12:09 am | Virus: new records in Portugal on the eve of the presidential election.
On the eve of Portugal’s first round of presidential elections, the country on Saturday set new daily records for contagions and deaths from the coronavirus, the national health authority said.
With 274 additional deaths recorded in 24 hours, the total death toll surpassed the threshold of 10,000 deaths from COVID-19 on Saturday.
The 15,333 daily contaminations detected also represent a new high since the start of the pandemic for this country of around ten million inhabitants.
Before the release of the latest figures, Portugal already had over 80,000 contagions in the past week, placing it first in the world in terms of the number of new cases relative to its population, surpassed only by the British enclave of Gibraltar , according to data collected by AFP from national authorities.
The Portuguese, subjected for ten days to a second general confinement, are called to the polls on Sunday to elect their president.
According to polls, the outgoing head of state, moderate conservative Marcelo Rebelo de Sousa, is expected to be re-elected in the first round.
In the current health context, candidates and observers fear a record abstention, which could be around 70%.
11:34 am | France crosses the threshold of one million vaccinated against COVID-19.
One million French people have been vaccinated against COVID-19, Prime Minister Jean Castex said on Saturday, nearly a month after the laborious start of the vaccination campaign in France.
“To all our caregivers, to all our elected officials, to all the staff and agents of the prefectures, regional health agencies and health establishments, to all those who join forces in this exceptional vaccination campaign: thank you” , he then wrote on Twitter.
The government had set itself the target of reaching one million French people vaccinated by the end of January.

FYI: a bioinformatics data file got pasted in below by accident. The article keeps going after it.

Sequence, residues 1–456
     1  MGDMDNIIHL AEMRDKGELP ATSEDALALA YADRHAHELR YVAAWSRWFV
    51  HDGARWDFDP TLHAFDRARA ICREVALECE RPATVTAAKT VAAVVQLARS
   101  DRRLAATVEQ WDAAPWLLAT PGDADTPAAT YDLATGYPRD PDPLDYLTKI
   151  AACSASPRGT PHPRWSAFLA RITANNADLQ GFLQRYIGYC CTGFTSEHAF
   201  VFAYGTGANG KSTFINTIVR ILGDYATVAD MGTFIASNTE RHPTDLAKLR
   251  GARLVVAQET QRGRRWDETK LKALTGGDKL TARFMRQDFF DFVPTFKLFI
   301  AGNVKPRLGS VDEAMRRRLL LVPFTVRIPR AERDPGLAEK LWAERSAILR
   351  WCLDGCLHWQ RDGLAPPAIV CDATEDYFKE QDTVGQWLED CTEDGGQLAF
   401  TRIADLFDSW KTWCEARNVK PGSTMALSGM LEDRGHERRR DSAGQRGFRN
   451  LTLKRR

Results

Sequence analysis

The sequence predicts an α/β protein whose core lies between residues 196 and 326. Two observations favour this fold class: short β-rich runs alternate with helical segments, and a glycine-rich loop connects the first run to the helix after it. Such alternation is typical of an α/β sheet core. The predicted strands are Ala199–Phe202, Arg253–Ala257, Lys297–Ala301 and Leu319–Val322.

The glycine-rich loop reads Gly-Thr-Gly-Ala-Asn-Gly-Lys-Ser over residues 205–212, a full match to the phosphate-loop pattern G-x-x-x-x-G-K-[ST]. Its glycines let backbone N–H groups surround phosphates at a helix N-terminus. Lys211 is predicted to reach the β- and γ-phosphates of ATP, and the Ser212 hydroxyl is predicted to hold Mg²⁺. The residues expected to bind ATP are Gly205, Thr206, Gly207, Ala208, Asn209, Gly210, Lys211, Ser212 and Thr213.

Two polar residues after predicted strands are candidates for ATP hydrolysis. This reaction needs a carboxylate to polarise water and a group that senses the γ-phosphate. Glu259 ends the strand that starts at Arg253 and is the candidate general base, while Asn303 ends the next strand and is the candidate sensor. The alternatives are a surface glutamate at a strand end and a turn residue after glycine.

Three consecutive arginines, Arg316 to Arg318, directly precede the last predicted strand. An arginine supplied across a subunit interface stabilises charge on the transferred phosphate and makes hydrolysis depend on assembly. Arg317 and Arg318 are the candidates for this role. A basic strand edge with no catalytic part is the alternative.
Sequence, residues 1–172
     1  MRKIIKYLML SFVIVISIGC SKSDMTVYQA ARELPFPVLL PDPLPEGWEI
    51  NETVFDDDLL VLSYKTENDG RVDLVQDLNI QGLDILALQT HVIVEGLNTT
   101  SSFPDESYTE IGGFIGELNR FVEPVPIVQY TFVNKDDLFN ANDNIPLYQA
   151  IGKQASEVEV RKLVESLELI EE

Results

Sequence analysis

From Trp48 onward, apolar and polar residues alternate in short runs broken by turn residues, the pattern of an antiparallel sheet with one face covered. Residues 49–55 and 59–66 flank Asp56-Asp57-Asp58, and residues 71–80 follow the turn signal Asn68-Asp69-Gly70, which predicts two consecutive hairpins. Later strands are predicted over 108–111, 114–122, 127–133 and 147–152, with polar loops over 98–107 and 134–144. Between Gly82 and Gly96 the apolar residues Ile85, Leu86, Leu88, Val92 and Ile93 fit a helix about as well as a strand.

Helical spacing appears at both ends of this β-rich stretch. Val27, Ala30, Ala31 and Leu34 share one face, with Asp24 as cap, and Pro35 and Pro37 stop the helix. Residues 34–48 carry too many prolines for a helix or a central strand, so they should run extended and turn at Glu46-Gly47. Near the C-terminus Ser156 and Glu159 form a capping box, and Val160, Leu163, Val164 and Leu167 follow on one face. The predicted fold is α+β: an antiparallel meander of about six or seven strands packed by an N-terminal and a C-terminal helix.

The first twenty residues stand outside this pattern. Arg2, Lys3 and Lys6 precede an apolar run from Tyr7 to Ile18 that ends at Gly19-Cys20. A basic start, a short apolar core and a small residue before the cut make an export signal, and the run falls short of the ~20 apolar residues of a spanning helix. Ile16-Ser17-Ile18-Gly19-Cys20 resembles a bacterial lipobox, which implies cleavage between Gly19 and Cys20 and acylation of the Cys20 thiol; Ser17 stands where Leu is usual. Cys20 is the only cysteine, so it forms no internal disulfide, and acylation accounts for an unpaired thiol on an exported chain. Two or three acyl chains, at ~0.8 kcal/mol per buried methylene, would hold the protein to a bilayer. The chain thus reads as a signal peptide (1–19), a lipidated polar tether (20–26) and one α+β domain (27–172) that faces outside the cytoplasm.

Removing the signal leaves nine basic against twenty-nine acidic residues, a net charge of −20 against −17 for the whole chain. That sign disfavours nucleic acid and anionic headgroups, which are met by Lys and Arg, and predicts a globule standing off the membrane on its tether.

The slow start of the campaign, which began on December 27, drew much criticism and prompted the government to expand the audiences eligible for the vaccine more quickly than expected.
On Saturday morning, Industry Minister Agnès Pannier-Runacher told France Inter that France aims to vaccinate “15 million people” by June. “I am reasonably confident that this goal will be exceeded,” she added.
For its part, the High Authority for Health (HAS) qualified Saturday as “reasonable” the possibility of spacing the injection of the two doses of the Covid vaccines by six weeks (instead of three to four weeks currently), in order to protect the most vulnerable and face the “epidemic outbreak”.
11:03 am | Quebec has 1,685 new cases and 76 new deaths linked to the virus.
10:50 am | Is the UK variant of COVID-19 really more deadly as announced by UK Prime Minister Boris Johnson? This is the question Jacques Lapierre, retired virologist, asked himself on Saturday.
10:45 am | More than $ 20,000 of tickets were handed over the night from Friday to Saturday to about fifteen young people, including minors, following an illegal gathering in a house in Sainte-Catherine-de-Hatley, in Estrie.
5:18 am | Faced with the devastating pandemic of the new coronavirus, a citizens’ crowdfunding initiative in Malawi raised 100,000 dollars in one week to increase resources to fight COVID-19 in public hospitals.
[L’HEURE JUSTE] No, travel was not banned.
5h13 | The Norwegian government on Saturday announced semi-containment measures, the strictest since the start of the epidemic, in Oslo and its region after the detection of cases of the English variant in a locality near the capital.
4h00 | While some do not hesitate to cry out for “dictatorship”, the health instructions in Quebec remain relatively permissive compared to what other democracies in the world have applied at one time or another during the pandemic.
3h54 | Thousands of residents of one of Hong Kong’s poorest and densely populated neighborhoods were ordered overnight Friday to Saturday to stay at home as part of the first lockdown ordered by authorities since the start of the coronavirus pandemic.
2h52 | Health Canada and the company Atoms F.D Inc. recalled on Friday “anti-microbe” disinfectants that have been distributed in several Quebec schools and that could present risks to the health of children.
1h00 | The vaccination campaign against COVID-19 is just starting and is already experiencing hiccups in a Brazil in the middle of the second wave, and which will quickly run out of doses, components and even syringes, scientists warn, blaming the government.
0h00 | Researchers from the National Institute for Scientific Research (INRS) obtained funding of $ 100,000 from the university establishment to carry out a research project that would make it possible to see if it is possible to detect potential pathologies in a patient. newborn by analyzing placentas.
0h00 | The pandemic is apparently not all bad. Quite the contrary. The clothing retailer Point Zéro even intends to take advantage of the context to increase its presence across Canada.
Our columnists speak out
It’s going to be bad before it gets better … —> Remi Nadeau
Don’t ask me “how are you?” —> Denise Bombardier
Travel: should we imitate New Zealand? —> Antoine Robitaille